Bulletproof Monk (2003) - USA
As part of Film Critics ongoing series - Analysing Chow Yun Fat in Hollywood
Reviewed by Andrew Chan (Film Critics Circle of Australia)
Chow Yun Fat’s Hollywood follow up of the box office hit “Crouching Tiger Hidden Dragon” took a couple of long years with the well meaning yet mindless entertainment action comedy in music video turned director Paul Hunter’s “Bulletproof Monk”. The odd pairing of Chow with “American Pie” Seann William Scott, provides the film one of its many corny laughters as Scott tries hard to impress as a martial artist. The real problem of the film lies in the paper thin script that will not even stand a single layer of thought.
Chow Yun Fat headlines the film as the “Monk with no name” and ends up taking a cliche role of a Tibetan monk with a modern twist. That being said, it’s unfortunate the Monk is devoid of any love interest and any insight into his life for the past 60 years, except for the fact that he survived and escaped constantly from a gang of Nazi trying to steal the all important scroll. This is easily one of Chow’s lesser roles in Hollywood. Seann William Scott ditches his fart boy antics from “American Pie” to play a pickpocket with a kind soul. Scott convinces in more physically demanding sequences, but fails when required to be dramatic. His chemistry with love interest Jaime King appears forced. King does well as the heroine and more than hold her own in the trio.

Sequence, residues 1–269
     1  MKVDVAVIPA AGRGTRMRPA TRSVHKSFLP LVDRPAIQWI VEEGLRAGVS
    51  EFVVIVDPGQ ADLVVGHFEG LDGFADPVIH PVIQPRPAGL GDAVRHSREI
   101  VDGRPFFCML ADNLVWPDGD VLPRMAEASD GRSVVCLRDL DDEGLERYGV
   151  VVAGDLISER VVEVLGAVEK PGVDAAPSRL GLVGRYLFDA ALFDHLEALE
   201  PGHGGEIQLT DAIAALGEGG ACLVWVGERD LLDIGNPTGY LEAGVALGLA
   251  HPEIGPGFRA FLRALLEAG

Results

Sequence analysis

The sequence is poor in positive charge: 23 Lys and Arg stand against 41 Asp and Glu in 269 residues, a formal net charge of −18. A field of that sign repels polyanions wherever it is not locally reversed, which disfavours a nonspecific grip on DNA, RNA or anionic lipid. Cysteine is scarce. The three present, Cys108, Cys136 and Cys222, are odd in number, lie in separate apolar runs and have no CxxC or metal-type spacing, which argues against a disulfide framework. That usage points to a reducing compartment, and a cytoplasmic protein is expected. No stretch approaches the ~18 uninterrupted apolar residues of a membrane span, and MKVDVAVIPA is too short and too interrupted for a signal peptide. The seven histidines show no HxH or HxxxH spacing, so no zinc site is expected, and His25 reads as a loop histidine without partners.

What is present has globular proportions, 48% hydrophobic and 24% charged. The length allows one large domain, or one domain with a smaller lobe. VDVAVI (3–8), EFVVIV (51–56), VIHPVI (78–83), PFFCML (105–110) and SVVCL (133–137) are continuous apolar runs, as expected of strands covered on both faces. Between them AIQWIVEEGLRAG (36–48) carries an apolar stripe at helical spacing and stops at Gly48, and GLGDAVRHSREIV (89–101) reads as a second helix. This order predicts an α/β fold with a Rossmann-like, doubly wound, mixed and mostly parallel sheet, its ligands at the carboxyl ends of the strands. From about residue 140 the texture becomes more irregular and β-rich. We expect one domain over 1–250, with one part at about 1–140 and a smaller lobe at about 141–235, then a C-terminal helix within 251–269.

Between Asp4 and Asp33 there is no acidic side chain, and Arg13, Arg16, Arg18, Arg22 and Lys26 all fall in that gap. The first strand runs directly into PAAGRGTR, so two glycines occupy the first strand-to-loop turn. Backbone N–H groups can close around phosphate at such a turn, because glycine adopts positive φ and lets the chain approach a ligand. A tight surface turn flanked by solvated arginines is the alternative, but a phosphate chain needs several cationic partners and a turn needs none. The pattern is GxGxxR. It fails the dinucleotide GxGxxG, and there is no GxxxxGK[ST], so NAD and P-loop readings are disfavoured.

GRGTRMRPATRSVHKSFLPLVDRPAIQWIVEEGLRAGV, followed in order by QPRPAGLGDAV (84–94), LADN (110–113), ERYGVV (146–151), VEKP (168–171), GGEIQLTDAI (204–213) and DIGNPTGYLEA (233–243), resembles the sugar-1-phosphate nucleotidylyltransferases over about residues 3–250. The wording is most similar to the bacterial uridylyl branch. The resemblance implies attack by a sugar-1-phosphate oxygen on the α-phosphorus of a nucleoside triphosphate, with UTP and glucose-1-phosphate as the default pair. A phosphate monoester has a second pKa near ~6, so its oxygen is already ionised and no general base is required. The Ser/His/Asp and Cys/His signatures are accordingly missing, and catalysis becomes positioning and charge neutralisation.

All in all, despite all it’s obvious flaws, “Bulletproof Monk” is really an inconsequential film that fails to elevate Chow’s fledging Hollywood career. It’s clear that the system failed to propel Chow to greater heights, given the commercial and critical international success of “Crouching Tiger Hidden Dragon”. It’s a shame as the roles to follow for Chow in Hollywood remains limited or worse. Still, some minor fun can be had as Chow is always charismatic and the odd ball pairing with Scott isn’t entirely bad either.
I rated it 5/10